I have 3 questions, the writer can choose one of them:
a) Critically discuss and compare the protection given to registered trade marks against tarnishment, blurring and unfair advantage in the EU and US.
b) Answer parts (i) and (ii)
Fat Freddie’s Surf Shack is a bar and restaurant which was established in 2006 on Huntington Beach in California, USA. Huntington Beach is one of California’s most popular surfing beaches. Fat Freddie’s was set up by Fred Warski, who is a very large man, and he also established a merchandising business through which surfing accessories and leisure clothing were sold under the “Fat Freddie’s” and “Fat Freddie’s Surf Shack” brands. Fred sold the merchandising business in 2012 to Tyco Marketing Inc., a US corporation. Fred continues to run the bar and restaurant business. As part of the agreement for the sale of the merchandising business, Fred agreed not to use the names “Fat Freddie’s” or “Fat Freddie’s Surf Shack” other than in relation to the business of a bar and restaurant at Huntington Beach.
Tyco marketing invested heavily in the Fat Freddie’s brand and Fat Freddie’s products are now available throughout the USA. It decided to sell products exclusively through a chain of “Fat Freddie’s” shops, so they are not available through other stores. Fat Freddies products are also available from the official website operated by Tyco, fatfreddies.com. Tyco have also opened Fat Freddie’s shops in Australia. They have registered the marks FAT FREDDIE’S and FAT FREDDIE’S SURF SHACK in both the USA and Australia in respect of clothing and surfing accessories.
There are no Fat Freddie’s shops in the UK and fatfreddies.com does not deliver orders to addresses outside of areas where there are Fat Freddie’s shops. Tyco sponsors a number of top international surfing competitions and exhibition events, such as the “Fat Freddie’s big wave invitational” in Hawaii. These events achieve worldwide coverage in the surfing press, on YouTube and so on.
Fat Freddie’s Cafe is a cafe situated on the sea-front in Porthcawl, Wales. It has become very popular with surfers and kite-surfers who take advantage of the excellent wind and waves which frequently occur at Porthcawl. It is owned by Fred Morgan, who is extremely thin – he says he acquired the nick-name Fat Freddie as a joke and so last month he changed the name of his cafe from “The Albany” to “Fat Freddie’s”. He says the place needed a complete refurbishment anyway.
Tyco wish to expand into Europe and they have identified the UK, Spain and Portugal as the first countries where they will open Fat Freddie’s shops. They intend to sponsor surfing competitions in key surfing spots in those countries to tie in with the opening of the shops. Thus they have entered into a sponsorship agreement with the promoters of the Newquay Masters competition which will be held in Newquay, Cornwall in July 2016. Tyco have asked for your advice on protecting their brand in Europe. They are aware of Fred Morgan’s cafe and are suspicious of his motives for changing his trading name a year ago. They point out that his cafe has also been re-decorated with a Hawaiian theme – as is Fred Warski’s cafe on Huntington Beach and all Fat Freddie’s shops.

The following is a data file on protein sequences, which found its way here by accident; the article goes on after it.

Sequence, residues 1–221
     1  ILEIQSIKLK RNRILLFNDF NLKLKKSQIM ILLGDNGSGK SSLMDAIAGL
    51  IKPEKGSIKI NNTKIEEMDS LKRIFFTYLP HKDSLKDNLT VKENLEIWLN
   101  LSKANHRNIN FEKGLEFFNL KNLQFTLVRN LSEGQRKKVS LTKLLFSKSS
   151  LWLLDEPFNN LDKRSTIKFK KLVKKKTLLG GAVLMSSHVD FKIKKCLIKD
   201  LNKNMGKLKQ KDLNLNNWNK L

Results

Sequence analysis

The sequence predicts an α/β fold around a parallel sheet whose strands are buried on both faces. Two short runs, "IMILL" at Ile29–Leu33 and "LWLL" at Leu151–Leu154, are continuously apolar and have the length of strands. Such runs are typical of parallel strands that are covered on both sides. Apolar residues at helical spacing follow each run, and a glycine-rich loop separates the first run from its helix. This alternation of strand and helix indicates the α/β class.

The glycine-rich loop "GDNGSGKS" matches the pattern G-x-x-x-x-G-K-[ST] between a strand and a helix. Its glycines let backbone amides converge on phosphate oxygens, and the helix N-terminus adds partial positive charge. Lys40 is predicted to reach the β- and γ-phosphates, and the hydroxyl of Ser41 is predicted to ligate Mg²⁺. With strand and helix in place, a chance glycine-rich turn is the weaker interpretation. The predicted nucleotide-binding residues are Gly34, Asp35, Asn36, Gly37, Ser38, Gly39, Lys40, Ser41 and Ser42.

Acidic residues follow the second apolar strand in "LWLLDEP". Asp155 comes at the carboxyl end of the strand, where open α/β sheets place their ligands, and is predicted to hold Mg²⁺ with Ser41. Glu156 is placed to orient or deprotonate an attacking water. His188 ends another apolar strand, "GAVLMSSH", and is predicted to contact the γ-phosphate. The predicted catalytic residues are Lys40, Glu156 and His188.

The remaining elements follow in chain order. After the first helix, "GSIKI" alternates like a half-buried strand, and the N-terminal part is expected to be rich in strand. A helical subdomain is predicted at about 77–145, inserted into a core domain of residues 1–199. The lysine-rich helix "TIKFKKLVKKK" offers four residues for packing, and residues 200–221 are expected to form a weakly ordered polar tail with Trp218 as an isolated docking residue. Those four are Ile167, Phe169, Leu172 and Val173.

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You have conducted a brief search and found that the mark “FAST FREDDIES” is registered by the hamburger chain Fast Freddies, which has outlets in major cities in the UK. Details of the registration are at the end of this question.
(i) Advise Tyco of the steps it can take to protect the Fat Freddie’s brand in the UK and other countries in Europe and of any problems they may face as a result of Fred Morgan’s café and the Fast Freddie’s restaurant business and trade marks. You should base your answer on the facts given in this question, do not conduct any factual research yourself.
Before Tyco get a chance to act on your advice, you learn that Fred Morgan has applied for a trade mark at the UK Intellectual Property Office. The mark he is applying for is FAT FREDDIES and he is applying for it in relation to “restaurant and catering services” in Class 43 and “T-shirts, hoodies and sweatshirts” in Class 25.
(ii) Advise Tyco of how they can oppose Fred Morgan’s application and of the grounds on which they may oppose it.
09 February 2008
Date of entry in register
04 July 2008
09 February 2018
List of goods and services
Pencils and pens.
Clothes and baseball caps.
Cafe, restaurant and catering services for the provision and preparation of fast food, takeaway food and alcoholic drink.
Name and Address details
Fast Freddie’s (UK) Limited
Belsize House, Belsize Road, Dundee, United Kingdom, DD5 1NE
IPO representative name
Thorntons Law LLP
Whitehall House, 33 Yeaman Shore, Dundee, United Kingdom, DD1 4BJ
Journal : 6728 Date of publication : 28 March 2008
a) ” Davis [‘Why the United Kingdom should have a law against misappropriation’  C.L.J. 561] is right to underline the tendency in some cases to refocus the tort of passing off on misappropriation or unfair competition lines. However, I fundamentally disagree with her that we should embrace such an action (whether or not via statutory enactment).”
Hazel Carty Passing Off frameworks of liability debated I.P.Q., 2012, 2, 106-122 @ P121